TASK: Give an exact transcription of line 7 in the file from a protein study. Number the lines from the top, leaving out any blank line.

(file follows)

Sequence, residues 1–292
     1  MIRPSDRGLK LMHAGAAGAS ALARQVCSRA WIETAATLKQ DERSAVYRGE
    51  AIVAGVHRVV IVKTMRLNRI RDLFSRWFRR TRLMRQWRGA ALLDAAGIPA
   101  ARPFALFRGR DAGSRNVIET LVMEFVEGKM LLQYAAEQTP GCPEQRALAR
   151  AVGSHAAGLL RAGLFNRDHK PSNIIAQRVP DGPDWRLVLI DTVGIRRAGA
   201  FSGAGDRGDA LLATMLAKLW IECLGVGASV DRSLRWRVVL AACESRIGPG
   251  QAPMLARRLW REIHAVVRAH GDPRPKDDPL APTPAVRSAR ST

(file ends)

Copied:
   251  QAPMLARRLW REIHAVVRAH GDPRPKDDPL APTPAVRSAR ST